Why I Welcome Children’s Curiosity About My Disability
A few years ago, I wrote about the need for more understanding and awareness about disability. No matter how many years have passed or how much has changed, I’ve always felt strongly that this topic should be included in everyday conversations about disability.
In that column, I shared my experience with a little girl whose reaction to my disability was hurtful, and how her parents responded by leaving the scene. They should have handled things differently, but I can’t speak for that family or say I understand why they acted the way they did. However, what I do know is that the situation could have been a great learning opportunity for the little girl to better understand disability.
I don’t know much about children, to be totally transparent here. But I do know that they are curious beings. They absorb everything around them and learn to process the world. As I’m sure many can attest, they are guaranteed to share their unfiltered opinions and tell it exactly how it is. (Kids say the darndest things, am I right?)
With this in mind, I have always encouraged kids to ask questions or engage in a conversation with me if the situation allows. Usually, a child will simply stare as they pass by, but every once in a while, I can say hello and gently break down the barrier that may exist when a child sees someone with a disability — or, in their eyes, someone who looks different from what they’re accustomed to.
Recently, I attended a training camp practice by the New England Patriots. These take place on a large, open football field next to the stadium, and guests can sit in the bleachers or on the grass along the sidelines. Tucked away in a corner, I had a perfect view of my beloved team. About 50 feet away, a little girl had a perfect view of me.
I had been a bit oblivious to the little girl watching me. After all, I was watching football right before my eyes for the first time in two years. Happy was an understatement. But after about half an hour, the girl’s mom approached me, asking if her daughter could say hi. Immediately, the girl felt shy. So, I asked her a simple question: “My name is Alyssa. What’s your name?”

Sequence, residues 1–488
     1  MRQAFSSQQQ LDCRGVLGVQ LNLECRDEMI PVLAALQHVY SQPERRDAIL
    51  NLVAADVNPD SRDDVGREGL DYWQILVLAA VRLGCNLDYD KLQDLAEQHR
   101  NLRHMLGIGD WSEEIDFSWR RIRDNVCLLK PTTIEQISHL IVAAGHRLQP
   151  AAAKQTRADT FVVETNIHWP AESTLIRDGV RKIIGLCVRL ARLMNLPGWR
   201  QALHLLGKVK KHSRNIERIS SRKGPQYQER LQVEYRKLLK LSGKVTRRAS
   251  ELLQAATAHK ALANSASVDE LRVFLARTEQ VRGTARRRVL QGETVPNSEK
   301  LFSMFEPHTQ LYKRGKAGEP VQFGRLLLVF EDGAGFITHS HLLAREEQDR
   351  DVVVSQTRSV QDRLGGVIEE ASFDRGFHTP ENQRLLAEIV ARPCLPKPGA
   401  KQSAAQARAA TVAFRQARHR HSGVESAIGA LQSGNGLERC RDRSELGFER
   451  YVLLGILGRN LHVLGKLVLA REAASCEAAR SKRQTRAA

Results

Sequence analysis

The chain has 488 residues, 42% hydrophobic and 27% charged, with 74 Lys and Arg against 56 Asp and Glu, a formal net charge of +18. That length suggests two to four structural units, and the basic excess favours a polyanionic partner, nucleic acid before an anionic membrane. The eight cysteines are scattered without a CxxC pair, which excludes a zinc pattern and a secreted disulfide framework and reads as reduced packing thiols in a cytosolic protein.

Hesitantly, she answered. But the more questions I asked — her age, favorite player, etc. — the more she warmed up to me. Our conversation was short, but it was productive nonetheless.
Her mother thanked me for taking the time to chat with her. She explained that she noticed her daughter had been staring at me and wanted to encourage and entertain her curiosity in a positive manner. But it was actually me who was thankful for the experience. So, I extended my gratitude in return.
What I love most about this story is that I didn’t necessarily have to talk about my disability in order to cultivate more acceptance in this child. We talked about football, how old we are, and what types of exciting activities she did this summer. In doing so, she learned that I’m a human, too.
I’m sure the fact that I’m visibly disabled can be a lot for a child to process when they haven’t seen anyone like me before. I think each of us has some amount of curiosity toward people and things we have never experienced, no matter our age. Some just know how to handle it better than others.
With children, though, I have found that asking encouraging questions and striking up an everyday conversation can be both helpful and productive. The girl at training camp was one of many positive encounters I’ve had when applying these concepts. These small gestures can greatly impact a child’s perceptions of disability. They can move past judgment and learn that disability doesn’t dehumanize someone. Ultimately, this fosters more acceptance in the world.
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